“I wish that I could settle down to something definite,” Lois sighed. “I have never been so restless in all my life as I have to-day. I have the feeling that something wonderful is about to happen, and that a great change is to take place in my life. If I were superstitious I should be quite uneasy.”
“Is it a feeling of dread?” Margaret asked.
“No, not at all. I cannot explain it, for I never experienced anything like it before.”
This conversation was suddenly interrupted by a long succession of raucous honks up the road, and in a few seconds a car swung around the corner of the house and stopped before the verandah.
Lois had risen and stepped forward. But she stopped short in amazement when she saw Jasper in the car, seated by Mr. Westcote’s side. Her father and Dick were in the front seat, but she hardly noticed them. Jasper was free! That was the one idea which filled her mind. It seemed almost too good to be true. Just what happened next she was not altogether certain. She welcomed them all and listened to their voices, but she seemed to be living in a dream from which she would suddenly awaken. She took her place as usual at the head of the table, but made so many mistakes that Dick laughed at her.
“What’s the matter, Lois?” he enquired. “You’re surely strong on hot water. You’ve given me a cup of it instead of tea, and the rest you poured into the milk pitcher.”
“Did I do that?” Lois asked in surprise. “Well, I guess I’m rattled, anyway. You have told me so many things during the last half hour that my brain is all in a whirl.”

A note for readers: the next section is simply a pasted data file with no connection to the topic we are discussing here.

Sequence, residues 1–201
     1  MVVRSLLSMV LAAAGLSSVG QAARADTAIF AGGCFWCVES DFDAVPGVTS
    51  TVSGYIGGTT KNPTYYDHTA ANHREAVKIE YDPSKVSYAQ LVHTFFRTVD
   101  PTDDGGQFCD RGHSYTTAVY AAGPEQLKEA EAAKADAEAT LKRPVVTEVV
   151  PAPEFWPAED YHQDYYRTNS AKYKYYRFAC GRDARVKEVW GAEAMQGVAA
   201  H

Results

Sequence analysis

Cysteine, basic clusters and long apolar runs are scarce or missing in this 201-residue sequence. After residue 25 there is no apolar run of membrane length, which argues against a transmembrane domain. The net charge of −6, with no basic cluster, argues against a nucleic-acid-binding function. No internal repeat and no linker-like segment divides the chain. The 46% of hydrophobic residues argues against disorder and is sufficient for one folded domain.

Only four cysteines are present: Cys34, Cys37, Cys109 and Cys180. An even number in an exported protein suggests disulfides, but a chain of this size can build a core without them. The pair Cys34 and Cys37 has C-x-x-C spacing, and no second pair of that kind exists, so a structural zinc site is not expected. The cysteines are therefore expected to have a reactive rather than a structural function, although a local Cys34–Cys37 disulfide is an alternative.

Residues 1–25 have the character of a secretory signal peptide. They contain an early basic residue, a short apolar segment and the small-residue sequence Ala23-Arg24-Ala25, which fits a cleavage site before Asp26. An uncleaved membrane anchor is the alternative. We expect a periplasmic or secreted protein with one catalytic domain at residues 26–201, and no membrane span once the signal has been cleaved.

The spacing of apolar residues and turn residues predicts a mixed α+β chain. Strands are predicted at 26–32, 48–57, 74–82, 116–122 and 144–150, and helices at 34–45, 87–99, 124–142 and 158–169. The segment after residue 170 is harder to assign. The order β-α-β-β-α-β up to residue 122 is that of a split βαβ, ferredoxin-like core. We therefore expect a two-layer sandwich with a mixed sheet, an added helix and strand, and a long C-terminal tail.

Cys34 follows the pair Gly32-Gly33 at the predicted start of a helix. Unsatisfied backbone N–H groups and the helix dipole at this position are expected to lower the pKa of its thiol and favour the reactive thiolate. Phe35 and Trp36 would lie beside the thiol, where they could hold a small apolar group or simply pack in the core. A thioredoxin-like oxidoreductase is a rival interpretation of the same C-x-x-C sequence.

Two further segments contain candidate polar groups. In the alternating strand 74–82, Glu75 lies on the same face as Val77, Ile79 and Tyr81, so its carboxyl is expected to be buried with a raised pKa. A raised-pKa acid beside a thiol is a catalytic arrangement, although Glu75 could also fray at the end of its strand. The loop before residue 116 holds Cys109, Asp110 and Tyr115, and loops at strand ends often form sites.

Jasper was as much excited as Lois, though outwardly he remained calm. He said very little, and let Mr. Westcote tell how their car had broken down and but for the timely arrival of Mr. Sinclair and Dick they would not have been able to reach their destination. He recalled his feeling of dismay when they were stalled, and he feared that he would not be able to see Lois that night. He did want to tell her how grateful he was for what she had done for him. But now he was near her and yet he had not told her. He had thought over the proper words he would say, but when he had taken her hand as she met him at the verandah steps, he did not utter them.
After dinner they all went out upon the verandah, and what a delightful time that was. It was a happy company, and for a while all cares were banished. It was a balmy evening, the wind of the afternoon having subsided, and all nature was hushed in repose as the shades of night began to steal over the land. It was the hour of enchantment, and while Mr. Sinclair and Mr. Westcote discussed matters relating to the work at the falls, Dick and Margaret strolled slowly down to the river.
Jasper and Lois thus found themselves sitting alone on the verandah steps.
“Suppose we pay a visit to the Haven,” Jasper suggested. “It is a perfect night for a walk, and I know the captain and his wife will be glad to hear the news. Your father won’t mind our leaving him, will he?”